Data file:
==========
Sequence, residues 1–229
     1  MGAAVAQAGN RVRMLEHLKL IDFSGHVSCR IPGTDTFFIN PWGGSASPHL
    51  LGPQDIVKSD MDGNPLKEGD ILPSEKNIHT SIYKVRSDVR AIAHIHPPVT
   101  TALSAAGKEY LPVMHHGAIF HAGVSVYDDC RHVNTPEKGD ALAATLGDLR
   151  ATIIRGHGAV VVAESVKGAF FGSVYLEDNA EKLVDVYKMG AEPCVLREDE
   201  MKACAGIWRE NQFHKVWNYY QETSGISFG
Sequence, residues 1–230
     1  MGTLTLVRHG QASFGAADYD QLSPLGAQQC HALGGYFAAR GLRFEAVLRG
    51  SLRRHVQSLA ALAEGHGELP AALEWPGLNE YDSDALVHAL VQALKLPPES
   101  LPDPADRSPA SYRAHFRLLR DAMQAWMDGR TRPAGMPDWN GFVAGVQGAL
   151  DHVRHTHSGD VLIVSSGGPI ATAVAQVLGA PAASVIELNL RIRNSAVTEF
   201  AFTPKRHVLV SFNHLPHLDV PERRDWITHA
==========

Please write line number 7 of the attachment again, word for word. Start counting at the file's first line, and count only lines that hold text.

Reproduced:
Sequence, residues 1–230